In the United States, the sole resident armadillo is the Nine-banded Armadillo (Dasypus novemcinctus), which is most common in the central southernmost states, particularly Texas. Their range is as far east as South Carolina and Florida and as far north as Nebraska; they have been consistently expanding their range over the last century due to a lack of natural predators and have been found as far north as Illinois, Indiana and southern Ontario.



And I will repeat: I hunted central Missouri in the 60s and 70s and the armadillo was not to found anywhere in that part of the state. The expansion over the last century has been lateral; from Texas into Louisiana firther into the southeast and New Mxico. The nrothward expansion, as noted in the link trhat I posted has been very recent; the last two decades or so.
Is there nayone here from northern Georgia? Seen any armadillos lately? If so, when did you start seeing them?
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hello? this thing on?


sorry I'll shut up now


been talking to myself LOL
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Only place I've encountered that one is in the Florida Natural History Museum. Seems most specimens came from around G'ville area.
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love watching the replays from all the diffrent camera angles =)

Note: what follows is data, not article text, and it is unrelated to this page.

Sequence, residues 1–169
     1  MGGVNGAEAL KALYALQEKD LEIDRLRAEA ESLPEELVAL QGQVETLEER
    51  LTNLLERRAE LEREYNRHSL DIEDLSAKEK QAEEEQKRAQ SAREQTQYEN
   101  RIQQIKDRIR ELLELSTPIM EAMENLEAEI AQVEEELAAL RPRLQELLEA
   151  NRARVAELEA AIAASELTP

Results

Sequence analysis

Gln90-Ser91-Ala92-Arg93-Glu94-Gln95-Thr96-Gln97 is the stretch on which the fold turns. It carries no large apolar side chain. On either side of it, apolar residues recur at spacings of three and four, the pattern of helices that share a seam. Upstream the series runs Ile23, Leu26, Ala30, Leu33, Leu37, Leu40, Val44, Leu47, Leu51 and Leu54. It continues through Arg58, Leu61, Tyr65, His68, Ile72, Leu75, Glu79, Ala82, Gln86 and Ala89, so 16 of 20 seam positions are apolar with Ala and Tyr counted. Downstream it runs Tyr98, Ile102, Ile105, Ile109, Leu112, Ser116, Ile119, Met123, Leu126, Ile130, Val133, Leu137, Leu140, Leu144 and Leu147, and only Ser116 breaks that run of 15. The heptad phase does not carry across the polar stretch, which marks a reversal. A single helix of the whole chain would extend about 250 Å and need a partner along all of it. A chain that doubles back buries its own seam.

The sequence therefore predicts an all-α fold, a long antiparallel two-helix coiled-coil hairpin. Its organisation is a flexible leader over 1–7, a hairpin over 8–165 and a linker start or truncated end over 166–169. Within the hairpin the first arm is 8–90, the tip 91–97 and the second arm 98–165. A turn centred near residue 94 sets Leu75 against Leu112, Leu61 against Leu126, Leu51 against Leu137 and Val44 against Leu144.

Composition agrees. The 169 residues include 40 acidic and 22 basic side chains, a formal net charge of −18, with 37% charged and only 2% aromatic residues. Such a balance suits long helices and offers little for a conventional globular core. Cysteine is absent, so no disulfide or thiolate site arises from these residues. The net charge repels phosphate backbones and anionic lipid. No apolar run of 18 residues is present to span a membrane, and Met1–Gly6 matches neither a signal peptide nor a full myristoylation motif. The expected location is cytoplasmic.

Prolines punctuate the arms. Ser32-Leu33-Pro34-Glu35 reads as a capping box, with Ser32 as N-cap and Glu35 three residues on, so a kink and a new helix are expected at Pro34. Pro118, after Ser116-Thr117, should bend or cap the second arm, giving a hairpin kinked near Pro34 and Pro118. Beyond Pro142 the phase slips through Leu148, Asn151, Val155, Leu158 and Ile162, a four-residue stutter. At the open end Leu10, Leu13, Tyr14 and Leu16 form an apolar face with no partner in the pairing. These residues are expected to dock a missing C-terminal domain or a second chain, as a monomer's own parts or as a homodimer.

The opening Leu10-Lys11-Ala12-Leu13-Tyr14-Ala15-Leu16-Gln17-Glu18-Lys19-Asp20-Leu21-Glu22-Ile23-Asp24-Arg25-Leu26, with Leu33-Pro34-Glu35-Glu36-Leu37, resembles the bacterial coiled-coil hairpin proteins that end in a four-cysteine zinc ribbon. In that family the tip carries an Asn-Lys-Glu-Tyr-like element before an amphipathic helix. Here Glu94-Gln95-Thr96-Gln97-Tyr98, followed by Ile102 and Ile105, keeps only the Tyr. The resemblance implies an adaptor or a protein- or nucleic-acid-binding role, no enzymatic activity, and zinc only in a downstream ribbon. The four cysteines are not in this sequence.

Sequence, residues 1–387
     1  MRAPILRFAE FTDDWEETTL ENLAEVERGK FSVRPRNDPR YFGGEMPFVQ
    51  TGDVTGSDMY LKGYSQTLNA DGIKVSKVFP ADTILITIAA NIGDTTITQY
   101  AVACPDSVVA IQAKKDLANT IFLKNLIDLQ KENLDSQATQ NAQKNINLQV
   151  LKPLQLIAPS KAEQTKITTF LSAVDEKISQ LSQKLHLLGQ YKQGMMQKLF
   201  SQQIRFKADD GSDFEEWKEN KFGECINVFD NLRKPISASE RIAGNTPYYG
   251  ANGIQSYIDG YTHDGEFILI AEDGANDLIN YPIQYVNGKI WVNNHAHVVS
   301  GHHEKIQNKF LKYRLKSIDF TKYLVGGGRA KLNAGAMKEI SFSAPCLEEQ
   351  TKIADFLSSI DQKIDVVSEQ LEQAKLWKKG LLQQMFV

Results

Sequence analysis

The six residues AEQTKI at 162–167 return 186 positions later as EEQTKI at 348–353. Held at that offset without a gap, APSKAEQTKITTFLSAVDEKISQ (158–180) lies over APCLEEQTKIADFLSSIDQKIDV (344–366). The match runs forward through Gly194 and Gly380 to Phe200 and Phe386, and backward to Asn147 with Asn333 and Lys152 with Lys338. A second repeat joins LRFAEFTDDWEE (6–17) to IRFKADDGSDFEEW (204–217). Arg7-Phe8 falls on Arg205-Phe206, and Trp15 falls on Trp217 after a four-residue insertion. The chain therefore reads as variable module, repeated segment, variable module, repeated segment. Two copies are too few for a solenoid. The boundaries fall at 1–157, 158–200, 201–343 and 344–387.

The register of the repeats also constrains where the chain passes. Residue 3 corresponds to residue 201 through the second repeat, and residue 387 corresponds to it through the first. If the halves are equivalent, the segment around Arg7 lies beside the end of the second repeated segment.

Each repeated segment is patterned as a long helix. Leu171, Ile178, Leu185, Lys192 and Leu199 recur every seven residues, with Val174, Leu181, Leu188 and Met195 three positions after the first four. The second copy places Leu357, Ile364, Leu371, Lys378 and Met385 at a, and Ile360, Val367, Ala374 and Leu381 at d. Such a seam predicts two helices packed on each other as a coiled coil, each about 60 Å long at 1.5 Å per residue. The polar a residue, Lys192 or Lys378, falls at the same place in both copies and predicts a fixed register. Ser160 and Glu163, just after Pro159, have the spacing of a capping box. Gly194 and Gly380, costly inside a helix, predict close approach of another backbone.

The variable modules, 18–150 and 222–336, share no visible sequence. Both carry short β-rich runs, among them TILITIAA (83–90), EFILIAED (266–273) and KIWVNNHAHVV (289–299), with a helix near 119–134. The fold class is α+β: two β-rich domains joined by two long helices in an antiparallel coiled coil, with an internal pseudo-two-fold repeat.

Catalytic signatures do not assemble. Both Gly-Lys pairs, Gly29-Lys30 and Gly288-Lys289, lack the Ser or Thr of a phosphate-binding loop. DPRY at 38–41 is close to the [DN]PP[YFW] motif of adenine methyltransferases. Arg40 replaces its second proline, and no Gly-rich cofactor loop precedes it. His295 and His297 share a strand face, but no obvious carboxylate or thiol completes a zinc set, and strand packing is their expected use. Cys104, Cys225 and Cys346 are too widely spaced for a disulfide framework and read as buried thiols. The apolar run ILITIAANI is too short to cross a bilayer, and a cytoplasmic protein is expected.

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gees a 5 foot dillo!!! man hate to hit that thing with my truck
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142. i hope i never run into one of the 5 foot armadillos covered in ARMOR! i don't think i have any armor-piercing rounds in my stash! LOL
Member Since: September 14, 2007 Posts: 3 Comments: 3963
Quoting Floodman:


Waynesville, south of Rolla, even with Springfield. Check it out: armadillos are not condiered indigienous to Missouri, at least not 20 years ago


There are approximately 10 extant genera and around 20 extant species of armadillo, some of which are distinguished by the number of bands on their armor. Their average length is about 75 centimeters (30 in), including tail; the Giant Armadillo grows up to 1.5 m (5 ft) and weighs 59 kg (130 lbs), while the Pink Fairy Armadillos are diminutive species with an overall length of 12–15 cm (4–5 in). All species are native to the Americas, where they inhabit a variety of environments.